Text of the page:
Fair and Independent Review Required for US Military Deserters
Guest Blogger: Michelle Robidoux from the War Resisters Support Campaign
Twelve years ago this month, a campaign was launched in Canada to assist U.S. conscientious objectors to the Iraq War in gaining asylum here. Canadians massively rejected the war, and in 2003, the Canadian government made the decision not to participate in it. The many thousands of Vietnam War resisters – both deserters and draft resisters – who were welcomed to Canada 40 years earlier were concrete evidence of Canadians' support for freedom of conscience.
But unlike their predecessors, the Iraq War resisters experienced systematic obstacles to being allowed to stay. Between 2008 and 2012, three of these conscientious objectors were deported by the Canadian government to the United States, where they were arrested, court-martialed and jailed. Each of them was harshly punished, with jail terms of 12 to 15 months and felony convictions.
Those U.S. war resisters who remain in Canada today are in limbo, waiting to find out their fate from the Canadian government. Many are veterans who saw first-hand the horrors of the Iraq War. They made the difficult decision to leave their country, their family and friends to follow their conscience.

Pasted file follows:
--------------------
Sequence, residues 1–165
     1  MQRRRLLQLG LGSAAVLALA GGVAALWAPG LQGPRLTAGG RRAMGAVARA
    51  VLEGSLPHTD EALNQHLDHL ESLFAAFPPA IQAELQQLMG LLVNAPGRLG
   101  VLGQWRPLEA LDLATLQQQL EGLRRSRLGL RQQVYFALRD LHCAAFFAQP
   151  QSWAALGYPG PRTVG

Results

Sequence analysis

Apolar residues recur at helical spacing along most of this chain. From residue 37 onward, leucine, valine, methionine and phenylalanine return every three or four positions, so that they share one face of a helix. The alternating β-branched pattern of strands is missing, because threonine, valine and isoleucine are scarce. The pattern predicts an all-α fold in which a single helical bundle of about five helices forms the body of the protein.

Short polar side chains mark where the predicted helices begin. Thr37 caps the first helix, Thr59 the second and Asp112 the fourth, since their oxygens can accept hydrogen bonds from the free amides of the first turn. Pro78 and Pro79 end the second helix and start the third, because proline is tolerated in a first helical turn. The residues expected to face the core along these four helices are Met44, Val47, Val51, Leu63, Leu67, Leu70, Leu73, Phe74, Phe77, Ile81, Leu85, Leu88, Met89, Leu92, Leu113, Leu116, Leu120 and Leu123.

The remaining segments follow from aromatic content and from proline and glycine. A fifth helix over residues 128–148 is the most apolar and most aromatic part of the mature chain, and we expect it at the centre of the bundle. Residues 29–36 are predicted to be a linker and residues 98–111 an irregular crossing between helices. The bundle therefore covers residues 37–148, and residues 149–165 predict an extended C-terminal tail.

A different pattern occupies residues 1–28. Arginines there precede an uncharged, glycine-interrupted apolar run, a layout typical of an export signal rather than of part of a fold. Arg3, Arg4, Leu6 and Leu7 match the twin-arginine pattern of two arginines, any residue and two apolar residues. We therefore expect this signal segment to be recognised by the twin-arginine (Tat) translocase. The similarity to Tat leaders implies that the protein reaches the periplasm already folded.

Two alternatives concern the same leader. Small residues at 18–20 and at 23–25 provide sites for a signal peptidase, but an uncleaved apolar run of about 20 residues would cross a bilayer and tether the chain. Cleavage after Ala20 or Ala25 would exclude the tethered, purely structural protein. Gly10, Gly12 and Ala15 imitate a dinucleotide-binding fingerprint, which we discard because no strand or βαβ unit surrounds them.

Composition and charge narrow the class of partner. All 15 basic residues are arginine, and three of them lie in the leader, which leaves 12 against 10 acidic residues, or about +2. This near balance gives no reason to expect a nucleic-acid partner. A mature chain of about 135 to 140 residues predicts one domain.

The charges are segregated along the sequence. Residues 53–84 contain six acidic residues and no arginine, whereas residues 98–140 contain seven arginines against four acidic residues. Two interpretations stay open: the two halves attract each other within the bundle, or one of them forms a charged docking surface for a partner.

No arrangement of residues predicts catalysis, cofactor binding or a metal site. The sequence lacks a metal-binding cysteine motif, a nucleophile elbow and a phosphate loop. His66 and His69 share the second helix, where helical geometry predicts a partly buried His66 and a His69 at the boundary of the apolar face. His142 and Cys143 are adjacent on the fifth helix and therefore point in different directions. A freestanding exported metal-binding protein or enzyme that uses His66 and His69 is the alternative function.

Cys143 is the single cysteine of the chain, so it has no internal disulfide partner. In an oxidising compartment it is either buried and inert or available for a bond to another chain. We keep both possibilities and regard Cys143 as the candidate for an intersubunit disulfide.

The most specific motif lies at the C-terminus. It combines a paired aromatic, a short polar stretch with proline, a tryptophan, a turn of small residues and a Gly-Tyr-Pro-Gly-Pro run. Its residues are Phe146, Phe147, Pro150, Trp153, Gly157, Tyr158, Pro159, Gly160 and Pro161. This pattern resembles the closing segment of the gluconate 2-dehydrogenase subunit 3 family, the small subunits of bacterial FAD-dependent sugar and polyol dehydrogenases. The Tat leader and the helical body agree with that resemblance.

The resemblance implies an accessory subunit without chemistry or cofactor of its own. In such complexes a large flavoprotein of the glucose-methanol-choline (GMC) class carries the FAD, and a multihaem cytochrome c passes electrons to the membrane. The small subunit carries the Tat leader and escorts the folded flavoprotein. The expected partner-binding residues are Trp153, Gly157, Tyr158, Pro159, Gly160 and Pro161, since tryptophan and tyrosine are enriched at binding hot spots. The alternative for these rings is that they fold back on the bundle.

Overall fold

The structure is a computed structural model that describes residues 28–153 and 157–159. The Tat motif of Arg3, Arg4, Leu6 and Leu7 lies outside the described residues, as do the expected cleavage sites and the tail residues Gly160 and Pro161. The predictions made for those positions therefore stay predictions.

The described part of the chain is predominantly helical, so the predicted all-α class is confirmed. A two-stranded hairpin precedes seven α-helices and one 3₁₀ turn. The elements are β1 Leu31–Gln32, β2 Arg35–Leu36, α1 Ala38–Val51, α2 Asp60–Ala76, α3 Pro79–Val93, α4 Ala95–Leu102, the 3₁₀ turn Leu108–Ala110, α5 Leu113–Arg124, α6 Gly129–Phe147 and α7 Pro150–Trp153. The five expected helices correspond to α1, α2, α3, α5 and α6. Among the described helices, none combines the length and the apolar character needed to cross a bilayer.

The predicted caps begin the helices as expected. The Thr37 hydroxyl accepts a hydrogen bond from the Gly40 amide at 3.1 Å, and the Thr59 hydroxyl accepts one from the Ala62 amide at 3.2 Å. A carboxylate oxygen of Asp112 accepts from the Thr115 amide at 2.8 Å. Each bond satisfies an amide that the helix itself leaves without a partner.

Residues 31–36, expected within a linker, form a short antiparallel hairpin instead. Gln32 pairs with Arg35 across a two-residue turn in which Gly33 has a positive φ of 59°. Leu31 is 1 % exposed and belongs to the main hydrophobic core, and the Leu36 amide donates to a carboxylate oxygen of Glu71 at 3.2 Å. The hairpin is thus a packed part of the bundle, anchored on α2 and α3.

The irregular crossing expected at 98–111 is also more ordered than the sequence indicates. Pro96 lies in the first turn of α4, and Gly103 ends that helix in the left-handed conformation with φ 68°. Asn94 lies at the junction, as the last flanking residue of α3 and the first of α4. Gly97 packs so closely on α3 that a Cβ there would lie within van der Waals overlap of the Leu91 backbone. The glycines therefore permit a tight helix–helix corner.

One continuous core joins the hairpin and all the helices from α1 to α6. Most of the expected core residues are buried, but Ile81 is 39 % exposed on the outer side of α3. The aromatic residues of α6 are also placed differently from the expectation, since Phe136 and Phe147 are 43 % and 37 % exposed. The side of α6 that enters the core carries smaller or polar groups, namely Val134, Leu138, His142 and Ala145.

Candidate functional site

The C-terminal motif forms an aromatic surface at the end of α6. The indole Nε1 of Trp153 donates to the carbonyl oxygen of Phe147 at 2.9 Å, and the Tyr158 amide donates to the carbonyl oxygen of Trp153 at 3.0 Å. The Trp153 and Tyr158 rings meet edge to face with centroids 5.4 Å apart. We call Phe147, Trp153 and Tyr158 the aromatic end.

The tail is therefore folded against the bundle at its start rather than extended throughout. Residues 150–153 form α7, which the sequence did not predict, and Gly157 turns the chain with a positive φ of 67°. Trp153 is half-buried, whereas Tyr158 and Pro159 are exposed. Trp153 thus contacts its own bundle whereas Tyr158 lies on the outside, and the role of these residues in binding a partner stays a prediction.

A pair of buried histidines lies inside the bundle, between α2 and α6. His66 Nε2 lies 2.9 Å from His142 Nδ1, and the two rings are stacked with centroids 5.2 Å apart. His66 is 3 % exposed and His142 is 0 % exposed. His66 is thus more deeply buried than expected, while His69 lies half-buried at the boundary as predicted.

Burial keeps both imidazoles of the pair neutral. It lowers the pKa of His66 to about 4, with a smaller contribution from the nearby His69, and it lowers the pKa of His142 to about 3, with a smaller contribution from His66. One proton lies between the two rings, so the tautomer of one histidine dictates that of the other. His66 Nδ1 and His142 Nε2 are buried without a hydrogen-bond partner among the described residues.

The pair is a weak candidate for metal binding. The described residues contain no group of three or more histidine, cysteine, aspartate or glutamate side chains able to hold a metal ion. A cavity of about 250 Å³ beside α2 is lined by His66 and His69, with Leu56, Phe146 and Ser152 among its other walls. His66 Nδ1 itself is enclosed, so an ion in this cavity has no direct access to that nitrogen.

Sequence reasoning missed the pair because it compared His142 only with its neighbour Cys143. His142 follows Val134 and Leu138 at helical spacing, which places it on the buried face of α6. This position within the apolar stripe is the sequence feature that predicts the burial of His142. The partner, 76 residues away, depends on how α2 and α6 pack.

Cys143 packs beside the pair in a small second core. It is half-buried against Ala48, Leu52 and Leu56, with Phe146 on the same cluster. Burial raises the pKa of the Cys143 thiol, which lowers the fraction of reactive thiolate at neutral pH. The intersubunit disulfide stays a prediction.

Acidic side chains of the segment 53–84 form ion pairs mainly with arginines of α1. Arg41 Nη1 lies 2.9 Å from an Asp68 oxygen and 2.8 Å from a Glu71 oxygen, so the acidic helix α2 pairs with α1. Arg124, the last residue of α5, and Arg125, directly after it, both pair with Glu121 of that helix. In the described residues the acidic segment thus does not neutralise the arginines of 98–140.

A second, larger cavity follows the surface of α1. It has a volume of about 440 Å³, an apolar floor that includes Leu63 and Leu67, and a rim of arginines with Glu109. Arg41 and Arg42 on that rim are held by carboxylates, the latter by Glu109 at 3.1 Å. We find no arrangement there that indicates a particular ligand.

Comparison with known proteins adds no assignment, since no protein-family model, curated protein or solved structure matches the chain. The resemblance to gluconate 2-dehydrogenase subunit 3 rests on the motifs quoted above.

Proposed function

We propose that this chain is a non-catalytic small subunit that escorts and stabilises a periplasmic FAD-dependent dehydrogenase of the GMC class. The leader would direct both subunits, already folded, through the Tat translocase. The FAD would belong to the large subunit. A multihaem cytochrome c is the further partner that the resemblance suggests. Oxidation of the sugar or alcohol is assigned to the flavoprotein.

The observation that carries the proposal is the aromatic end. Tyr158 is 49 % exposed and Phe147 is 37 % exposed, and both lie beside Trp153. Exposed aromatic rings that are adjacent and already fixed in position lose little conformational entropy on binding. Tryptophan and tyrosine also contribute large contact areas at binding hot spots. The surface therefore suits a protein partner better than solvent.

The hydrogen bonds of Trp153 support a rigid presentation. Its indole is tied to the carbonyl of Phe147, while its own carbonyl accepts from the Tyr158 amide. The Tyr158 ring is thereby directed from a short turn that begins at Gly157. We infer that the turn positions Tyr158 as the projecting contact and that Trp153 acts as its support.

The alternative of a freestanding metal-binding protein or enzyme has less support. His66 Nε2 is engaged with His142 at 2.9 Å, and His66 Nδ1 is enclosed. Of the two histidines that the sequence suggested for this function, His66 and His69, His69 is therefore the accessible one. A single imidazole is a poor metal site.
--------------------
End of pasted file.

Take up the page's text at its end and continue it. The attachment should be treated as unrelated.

The U.S. Iraq War resisters in Canada have benefited from the strong support of Amnesty International Canada, including a recent letter sent to Minister of Immigration John McCallum asking that the discriminatory policies of the previous government against war resisters be withdrawn, and that there be a fair and independent review, on an individual basis, of outstanding cases dealing with U.S. military desertion.
This Sunday May 15th is Conscientious Objector Day, a day which honours the courage of those individuals who could not in good conscience participate in war. To mark this important day, please share this video of AI Canada Secretary General Alex Neve on why Canada should let U.S. conscientious objectors stay:
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